A New Stage

Jesse Schutte qualifies for the U.S. Open as a new Dad and lifts his community
Mark Baldwin
Mark Baldwin
June 12, 2023

Walking on one of Tacoma Golf and Country Club’s tightly-mown greens at dusk, professional golfer Jesse Schutte studied the contours. The 35-year-old would tee it up in the final qualifying stage for the U.S. Open the following morning, but Schutte had no idea what the course looked like. 

Schutte could tell the speed of the greens was off the charts, perhaps as fast as the greens at the 2013 U.S. Open at Merion Golf Club, where Schutte was the first alternate. Schutte practiced around Merion’s greens 10 years ago waiting for someone to withdraw, waiting for his chance – a chance that never came. 

The sun was quickly setting at Tacoma G&CC but Schutte would only be able to see a few holes. The five-hour drive from Florence, Oregon, had been frantic and unsettled. His wife, Lupita, was due to deliver their first child days before, but Elsie Schutte still hadn’t arrived in the world. Jesse and Lupita agreed if their little girl didn’t arrive by Sunday morning, Jesse would travel to qualifying and hurry home as soon as he could. 

Jesse knew the first round of competition would likely serve as his practice round. His discomfort showed in his first round scorecard. Through eight holes, Schutte made two double-bogeys and was 4-over par. 

“I’ll never give up,” Schutte said. “I know what I’ve got and I know what I’m made of. I just need the opportunities to present themselves.” 

Schutte’s familiarity in surviving uncomfortable situations in professional golf extends far beyond the golf course. 

In 2018, Schutte earned status on the Asian Development Tour through Asian Tour Q-school. Players who don’t excel at Final Stage of Asian Tour Q-school are relegated to the ADT. There isn’t much money to play for and many of the tournaments are in places most golf fans have never heard of. Still, there’s a way to advance with stellar golf and that’s all most pro golfers need to take a leap of faith.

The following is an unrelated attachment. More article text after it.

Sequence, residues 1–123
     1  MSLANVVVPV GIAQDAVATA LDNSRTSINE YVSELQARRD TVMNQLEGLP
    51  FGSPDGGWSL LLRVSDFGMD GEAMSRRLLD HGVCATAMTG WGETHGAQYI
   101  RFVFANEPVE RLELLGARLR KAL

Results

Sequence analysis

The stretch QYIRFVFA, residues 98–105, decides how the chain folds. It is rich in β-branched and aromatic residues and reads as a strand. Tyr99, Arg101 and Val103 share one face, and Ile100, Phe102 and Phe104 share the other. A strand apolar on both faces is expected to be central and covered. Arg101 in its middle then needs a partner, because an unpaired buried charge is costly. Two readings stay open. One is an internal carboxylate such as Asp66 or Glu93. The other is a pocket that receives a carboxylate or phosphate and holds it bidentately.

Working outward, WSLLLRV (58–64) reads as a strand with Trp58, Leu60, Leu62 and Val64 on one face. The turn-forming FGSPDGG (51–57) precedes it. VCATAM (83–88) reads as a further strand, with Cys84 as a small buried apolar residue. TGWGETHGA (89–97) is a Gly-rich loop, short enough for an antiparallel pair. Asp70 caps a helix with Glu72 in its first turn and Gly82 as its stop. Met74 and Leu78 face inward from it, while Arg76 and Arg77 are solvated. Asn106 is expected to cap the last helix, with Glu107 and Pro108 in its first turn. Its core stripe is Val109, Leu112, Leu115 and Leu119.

One tournament during the ADT season was played in a particularly remote location in Malaysia. Schutte flew into Kuala Lumpur but getting to the tournament required a four-hour drive into the jungle. The farther he traveled from the airport, the more strange things became. He’d never heard the languages being spoken. Never seen the writing on the signs. The pictures on restaurant menus didn’t even make sense to him. 

Schutte wasn’t sure what he ordered at the local village restaurant and even after finishing the bowl, he wasn’t sure what he had eaten. He met his caddie at the golf course and the two went to the driving range. That’s when Schutte began to feel ill. Soon after he could barely move. The scene became worrying for everyone around the driving range. 

An ambulance took him to the local medical clinic, which was in disrepair. Schutte decided the clinic might be in worse shape than his health at that moment and left. He returned to his hotel room where his condition worsened. 

“For seven days, I was bedridden and I thought I was going to die,” Schutte says. “In that moment, I felt further away from everything and anything that I had ever known at that point in time. You want to go to the hospital but we were in a third world country in such a small village. I was scared of the hospital.” 

He never figured out what his sickness was, but eventually recovered, left the hotel and returned to competition on the ADT. 

When the COVID-19 Pandemic hit in 2020, Schutte had been playing in Kuala Lumpur, Malaysia. The flight he booked to return home was canceled. As Asian countries first encountering the pandemic began to shut down, he watched as airlines canceled flight after flight. Schutte made it to Hua Hin, Thailand for an indefinite quarantine. He’d end up stuck there for six months.

“It wasn’t bad. We were able to play golf most of the time. We were locked down for one month with a curfew, which was crazy,” he recalled. 

As soon as he was allowed to leave, Schutte returned to his hometown of Florence, Oregon, a town of around 10,000 people. He resumed competition on the mini-tours, but injured his neck and decided to take a break from professional golf.